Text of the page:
Small islands such as these are particularly vulnerable to the effects of climate change says the latest report from the Intergovernmental Panel on Climate Change (IPCC) — the world’s foremost scientific body for the study of climate change. Sea-level rise is predicted to exacerbate inundation, storm surge, erosion and other coastal hazards. And since 50 per cent of the Pacific island population lives within 1.5 kilometres of the shore, this is of particular concern. The report also predicts that water resources and agriculture will be seriously compromised.
According to leading global change scientist, Professor Nick Harvey, a contributing author on the IPCC Fourth Assessment Report, “[The Pacific islands] really don’t have a lot of room for adjustment because they might only be a couple of metres above sea level. If you get any fluctuation in sea level this affects their ground water, the salinity and also it impacts on mangroves.”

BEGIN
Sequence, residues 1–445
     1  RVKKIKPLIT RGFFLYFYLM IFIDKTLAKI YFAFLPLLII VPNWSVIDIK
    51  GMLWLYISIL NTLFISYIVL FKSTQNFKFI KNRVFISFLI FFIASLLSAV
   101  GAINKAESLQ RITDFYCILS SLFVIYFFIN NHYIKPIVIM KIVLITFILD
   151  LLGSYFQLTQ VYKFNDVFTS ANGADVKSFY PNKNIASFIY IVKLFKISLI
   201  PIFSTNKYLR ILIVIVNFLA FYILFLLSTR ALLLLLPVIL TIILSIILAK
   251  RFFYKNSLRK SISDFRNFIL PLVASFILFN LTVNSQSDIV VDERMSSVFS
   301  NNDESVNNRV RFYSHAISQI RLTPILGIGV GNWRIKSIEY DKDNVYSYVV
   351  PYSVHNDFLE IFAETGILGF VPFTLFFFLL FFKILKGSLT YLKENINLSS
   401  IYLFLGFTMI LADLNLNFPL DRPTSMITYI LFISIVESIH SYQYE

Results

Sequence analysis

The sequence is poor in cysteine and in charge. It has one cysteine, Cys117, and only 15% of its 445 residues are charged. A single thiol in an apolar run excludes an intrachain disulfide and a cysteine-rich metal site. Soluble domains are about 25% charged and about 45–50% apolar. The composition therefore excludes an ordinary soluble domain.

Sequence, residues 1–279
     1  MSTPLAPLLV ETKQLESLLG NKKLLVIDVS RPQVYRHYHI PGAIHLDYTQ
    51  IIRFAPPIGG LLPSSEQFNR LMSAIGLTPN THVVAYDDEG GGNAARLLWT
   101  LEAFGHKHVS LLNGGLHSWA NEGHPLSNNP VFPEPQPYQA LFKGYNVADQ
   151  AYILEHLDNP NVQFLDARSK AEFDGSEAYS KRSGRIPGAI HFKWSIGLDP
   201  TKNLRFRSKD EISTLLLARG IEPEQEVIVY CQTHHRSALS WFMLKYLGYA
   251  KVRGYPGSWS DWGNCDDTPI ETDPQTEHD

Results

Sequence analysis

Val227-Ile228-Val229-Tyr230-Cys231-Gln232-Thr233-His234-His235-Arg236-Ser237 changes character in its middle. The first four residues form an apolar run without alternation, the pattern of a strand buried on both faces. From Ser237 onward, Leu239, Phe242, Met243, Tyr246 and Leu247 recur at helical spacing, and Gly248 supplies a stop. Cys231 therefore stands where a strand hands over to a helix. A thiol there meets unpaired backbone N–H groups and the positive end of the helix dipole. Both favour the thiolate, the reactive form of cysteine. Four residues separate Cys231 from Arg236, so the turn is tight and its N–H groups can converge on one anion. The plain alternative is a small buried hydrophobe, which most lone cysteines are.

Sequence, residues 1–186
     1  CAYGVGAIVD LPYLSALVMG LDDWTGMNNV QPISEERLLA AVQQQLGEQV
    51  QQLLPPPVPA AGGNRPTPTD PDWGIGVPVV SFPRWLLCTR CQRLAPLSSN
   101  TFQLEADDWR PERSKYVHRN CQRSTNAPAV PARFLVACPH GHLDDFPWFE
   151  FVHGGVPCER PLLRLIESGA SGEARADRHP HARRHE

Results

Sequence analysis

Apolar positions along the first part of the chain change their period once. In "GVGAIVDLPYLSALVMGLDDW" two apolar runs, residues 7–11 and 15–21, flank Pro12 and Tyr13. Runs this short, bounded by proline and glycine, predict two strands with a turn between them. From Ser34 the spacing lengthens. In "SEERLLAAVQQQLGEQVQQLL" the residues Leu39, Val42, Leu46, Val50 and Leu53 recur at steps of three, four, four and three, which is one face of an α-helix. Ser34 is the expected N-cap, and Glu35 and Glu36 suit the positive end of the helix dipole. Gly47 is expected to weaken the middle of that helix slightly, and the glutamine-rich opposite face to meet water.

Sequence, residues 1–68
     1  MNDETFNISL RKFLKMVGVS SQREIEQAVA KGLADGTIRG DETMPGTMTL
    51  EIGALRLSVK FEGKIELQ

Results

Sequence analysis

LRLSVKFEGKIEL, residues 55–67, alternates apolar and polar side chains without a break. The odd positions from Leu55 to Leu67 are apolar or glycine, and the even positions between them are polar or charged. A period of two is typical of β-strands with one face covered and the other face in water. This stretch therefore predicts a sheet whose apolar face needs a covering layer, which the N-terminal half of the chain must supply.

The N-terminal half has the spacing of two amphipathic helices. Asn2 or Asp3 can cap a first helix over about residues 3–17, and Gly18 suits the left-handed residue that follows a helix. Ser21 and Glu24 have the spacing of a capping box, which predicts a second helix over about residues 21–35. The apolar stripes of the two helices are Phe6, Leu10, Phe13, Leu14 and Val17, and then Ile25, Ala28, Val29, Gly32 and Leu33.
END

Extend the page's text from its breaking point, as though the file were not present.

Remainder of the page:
The IPCC projected a sea-level rise of between 19 and 58 centimetres by the end of the 21st century. These figures are now considered conservative, as potential large-scale tipping point events such as the rapid melting of the Greenland ice sheet, were not included in their estimations. Updated predictions of between 50 centimetres and one metre or more by 2100 were presented at the Copenhagen Climate Change Congress in March 2009.
Maria Tiimon is from Beru, one of the 33 coral atolls of Kiribati, in the central Pacific Ocean. She says that many of the islands of Kiribati are so low-lying — only two metres above sea level — and so flat, that if you stand in the middle of the land you can see the ocean on both sides.
The islands of Kiribati have been experiencing a drought worse than any they’ve seen before and it’s making life very, very difficult, according to Maria.
“When I came back this time, most of the breadfruit trees are all dead. For people of Kiribati the breadfruit tree is very important because we get shelter from it, local medicine, of course, food. It’s almost the source of life for people of Kiribati.”
Coconuts are also a fundamental part of life for the poverty stricken people of Kiribati, so much so that they even use them as currency. But the coconut trees are dying too, and the fruits they are producing are small and unhealthy.